The following is a review written by Christer Dynna for Norwegian Crafts. Dynna summarized and critiqued CFile Chief Editor Garth Clark’s recent appearance in Oslo, where he opined about the history and possible future of contemporary ceramic art. We’ve run a portion of Dynna’s commentary here, but encourage you to read the full piece on Norwegian Crafts. Thanks to Dynna for the insightful commentary.
Above image: Process photograph of Filthy Lucre, Darren Waterston’s take on the famous Peacock Room at Freer Gallery.
Garth Clark spent thirty years as a gallerist, hosting ceramic art shows on both coasts of the USA. With his partner Mark Del Vecchio, he became a key collector of ceramic art and wrote extensively on the topic, producing catalogue texts and more general overviews. The latest career move of this liebhaber of everything ceramic, now in his late 60s, has been to venture into publishing. Now based in Santa Fe, he edits the online magazine cfile.daily. The C can of course be understood as pointing to the topic close to his hearth for so long, but it is also the initial letter of “Clark,” the family name he brought with him from South-Africa, his country of origin.
Clark’s Oslo talk aimed at infusing the field with optimism about the current state of affairs: some fine art galleries, for instance, are selling things made in fired (or even unfired) clay for ever-higher sums. This didn’t go down well with everyone, of course. But Clark knew how to silence his opponents and was very clear about where he stands:
“All the criticism I’ve heard about these artist, that their craft is lousy, they don’t know how to use the material, … quite honestly that piece (by Sterling Ruby) is as beautifully crafted as any piece. You may not like it, it may disturb you, but in terms of craftsmanship, there’s nothing wrong with it.”
So adamant was Clark in his quest to push back old school ideas of ceramic art that he used the metaphor of “fortress ceramica” to structure the lecture. Thus he brushed off the past’s ideology, deeply rooted in the modernist epoch and fertilized during the studio craft movement.
50 odd years after its creation, as merely “an art world in miniature,” Clark observes how this fortress is about to be abandoned and crumble away. The enforced separation between “us” and the others is about to collapse – yet this very divide still dramaturgically held the lecture together … Anyhow, Clark sees a major shift taking place before his very eyes: many artists now gain momentum by turning away from the fortress ceramica. The purpose for which it was built, namely to cut all “links with fine art”, is now being questioned from within. In the world we live in today, says CFile’s messenger, the old truth that one should “keep separate the two very important fields of art and industry”, presumably in order to save ceramic production and appreciation, no longer prevails. Those outside the fortress used to shout “terra worthless” at those working on the inside and forever adding to the thick walls. This structure was conceived in the 1950s, in response to being excluded from the field of fine art.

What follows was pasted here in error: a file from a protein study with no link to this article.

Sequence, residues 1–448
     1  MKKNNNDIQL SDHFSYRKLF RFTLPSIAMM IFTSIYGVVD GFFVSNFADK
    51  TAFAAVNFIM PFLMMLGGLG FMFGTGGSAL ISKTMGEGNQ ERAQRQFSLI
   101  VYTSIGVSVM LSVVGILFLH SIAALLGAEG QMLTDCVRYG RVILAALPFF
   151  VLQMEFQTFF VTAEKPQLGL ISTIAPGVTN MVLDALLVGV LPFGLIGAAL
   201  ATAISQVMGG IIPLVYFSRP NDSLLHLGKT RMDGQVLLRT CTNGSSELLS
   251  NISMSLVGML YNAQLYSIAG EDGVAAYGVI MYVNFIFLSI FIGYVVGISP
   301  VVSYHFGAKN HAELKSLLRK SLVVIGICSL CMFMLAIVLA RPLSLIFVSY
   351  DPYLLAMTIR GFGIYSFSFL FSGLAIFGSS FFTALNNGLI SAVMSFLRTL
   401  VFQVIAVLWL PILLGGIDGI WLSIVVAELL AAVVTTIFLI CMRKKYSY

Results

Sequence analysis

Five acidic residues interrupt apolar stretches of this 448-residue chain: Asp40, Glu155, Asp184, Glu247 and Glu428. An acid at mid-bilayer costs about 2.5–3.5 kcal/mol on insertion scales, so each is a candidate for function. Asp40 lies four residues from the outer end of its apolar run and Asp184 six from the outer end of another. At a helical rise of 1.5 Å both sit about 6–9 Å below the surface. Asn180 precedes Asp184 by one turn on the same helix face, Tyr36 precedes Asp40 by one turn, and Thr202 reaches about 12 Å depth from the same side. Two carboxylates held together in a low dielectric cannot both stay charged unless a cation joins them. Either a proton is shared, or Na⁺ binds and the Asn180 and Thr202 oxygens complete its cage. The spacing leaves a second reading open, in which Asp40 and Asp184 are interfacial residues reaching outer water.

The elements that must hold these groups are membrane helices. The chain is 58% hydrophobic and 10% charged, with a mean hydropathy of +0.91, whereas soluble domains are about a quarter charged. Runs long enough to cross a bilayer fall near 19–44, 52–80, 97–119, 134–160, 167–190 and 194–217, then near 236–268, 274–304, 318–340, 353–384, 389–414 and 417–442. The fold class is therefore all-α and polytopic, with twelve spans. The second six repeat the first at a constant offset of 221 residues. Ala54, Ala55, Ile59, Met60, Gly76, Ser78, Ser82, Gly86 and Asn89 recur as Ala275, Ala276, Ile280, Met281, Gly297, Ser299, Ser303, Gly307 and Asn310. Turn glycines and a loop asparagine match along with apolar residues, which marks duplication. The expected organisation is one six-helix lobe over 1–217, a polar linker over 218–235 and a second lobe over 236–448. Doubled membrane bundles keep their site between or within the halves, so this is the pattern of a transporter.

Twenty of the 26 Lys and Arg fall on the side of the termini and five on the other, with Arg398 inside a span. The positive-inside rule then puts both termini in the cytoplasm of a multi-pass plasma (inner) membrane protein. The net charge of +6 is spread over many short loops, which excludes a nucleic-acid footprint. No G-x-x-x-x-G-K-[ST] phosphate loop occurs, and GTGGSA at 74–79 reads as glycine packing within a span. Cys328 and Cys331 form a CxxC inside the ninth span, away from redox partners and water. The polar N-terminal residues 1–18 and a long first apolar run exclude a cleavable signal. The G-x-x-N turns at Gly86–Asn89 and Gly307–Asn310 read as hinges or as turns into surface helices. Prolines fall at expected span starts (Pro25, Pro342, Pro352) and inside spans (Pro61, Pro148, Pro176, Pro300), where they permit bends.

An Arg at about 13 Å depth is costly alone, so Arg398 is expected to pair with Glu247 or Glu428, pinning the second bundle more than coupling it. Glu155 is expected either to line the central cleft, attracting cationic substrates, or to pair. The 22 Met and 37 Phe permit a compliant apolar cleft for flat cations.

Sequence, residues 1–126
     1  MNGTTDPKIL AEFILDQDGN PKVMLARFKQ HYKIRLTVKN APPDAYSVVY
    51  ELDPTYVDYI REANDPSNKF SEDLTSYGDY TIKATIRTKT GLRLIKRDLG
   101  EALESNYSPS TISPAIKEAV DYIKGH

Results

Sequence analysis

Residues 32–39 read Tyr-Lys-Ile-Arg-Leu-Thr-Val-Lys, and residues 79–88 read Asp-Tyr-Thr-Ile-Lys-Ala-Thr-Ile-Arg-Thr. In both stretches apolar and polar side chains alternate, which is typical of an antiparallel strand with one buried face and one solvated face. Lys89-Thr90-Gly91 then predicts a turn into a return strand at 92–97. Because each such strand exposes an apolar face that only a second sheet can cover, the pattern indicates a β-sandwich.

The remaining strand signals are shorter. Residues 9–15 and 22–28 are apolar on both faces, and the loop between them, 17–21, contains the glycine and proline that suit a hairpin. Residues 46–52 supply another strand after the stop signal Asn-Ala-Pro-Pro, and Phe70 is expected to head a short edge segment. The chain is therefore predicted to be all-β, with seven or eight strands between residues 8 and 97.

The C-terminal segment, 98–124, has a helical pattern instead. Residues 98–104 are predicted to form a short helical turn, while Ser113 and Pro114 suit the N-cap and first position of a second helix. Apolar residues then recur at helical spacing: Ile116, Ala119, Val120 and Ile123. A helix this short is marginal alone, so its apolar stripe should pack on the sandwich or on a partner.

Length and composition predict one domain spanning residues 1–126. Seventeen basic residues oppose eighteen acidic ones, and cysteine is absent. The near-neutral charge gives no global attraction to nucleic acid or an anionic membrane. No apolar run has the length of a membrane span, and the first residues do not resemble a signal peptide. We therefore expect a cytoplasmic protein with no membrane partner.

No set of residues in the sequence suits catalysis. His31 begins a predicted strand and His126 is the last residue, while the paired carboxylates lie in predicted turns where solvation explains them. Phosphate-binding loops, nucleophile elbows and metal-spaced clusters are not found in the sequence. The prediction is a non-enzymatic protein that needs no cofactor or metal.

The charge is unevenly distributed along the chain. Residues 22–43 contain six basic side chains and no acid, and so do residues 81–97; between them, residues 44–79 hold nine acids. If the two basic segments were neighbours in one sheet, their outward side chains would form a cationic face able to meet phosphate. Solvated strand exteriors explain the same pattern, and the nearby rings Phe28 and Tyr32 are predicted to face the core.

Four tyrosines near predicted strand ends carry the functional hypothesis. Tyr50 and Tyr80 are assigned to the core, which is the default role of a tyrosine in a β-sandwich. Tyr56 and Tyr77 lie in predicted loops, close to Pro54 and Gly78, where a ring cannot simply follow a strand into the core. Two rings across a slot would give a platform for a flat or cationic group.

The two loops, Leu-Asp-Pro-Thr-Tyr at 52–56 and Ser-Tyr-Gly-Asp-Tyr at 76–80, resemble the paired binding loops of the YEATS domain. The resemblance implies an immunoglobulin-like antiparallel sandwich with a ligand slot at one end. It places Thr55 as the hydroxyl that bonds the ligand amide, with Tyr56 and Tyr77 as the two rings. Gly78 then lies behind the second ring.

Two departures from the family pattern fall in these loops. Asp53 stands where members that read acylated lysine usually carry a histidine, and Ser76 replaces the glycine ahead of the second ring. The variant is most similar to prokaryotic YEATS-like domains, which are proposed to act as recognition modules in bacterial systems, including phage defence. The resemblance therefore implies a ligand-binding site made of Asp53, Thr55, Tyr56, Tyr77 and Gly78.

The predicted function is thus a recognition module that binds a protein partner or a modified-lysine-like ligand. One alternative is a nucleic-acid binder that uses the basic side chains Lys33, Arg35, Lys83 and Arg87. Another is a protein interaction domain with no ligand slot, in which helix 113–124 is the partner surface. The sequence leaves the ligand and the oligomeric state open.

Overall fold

But the phenomenon that began emerging some two to three decades ago, which came about through slow change, is now speeding up: Clark’s vigorous testimony of the present situation appraises how the “floodgates are opening” for ceramic art to enter the art Market with a capital M. The re-evaluation of this material that has been part of human civilization for more than 12,000 years is evolving quickly. Clark sees the present situation as the “biggest change in 150 years”. In this pointing back to the second half of the 19th century, Clark seems to suggest that the current change in ceramics is second only to the change that occurred during the Industrial Revolution. This, it must be said, is quite a mouthful from an art historical point of view.
Oligarch collector power
The subsequent brouhaha over a once-so-dirty-and-worthless art medium such as fired clay is undeniable, according to Clark. He nonetheless lets us witness a moment of meta-reflection or self-criticism, since he runs the risk of sounding a lot like a “terrible snob and elitist”:
“… these are shows going on in the top 20 galleries on the international scene. … I am interested in it because of the impact it has. I love ceramics. And what this [new situation] does; in terms of media, attendance, knowledge of the field, acceptance of the field, it is beyond anything we could do within fortress ceramica.”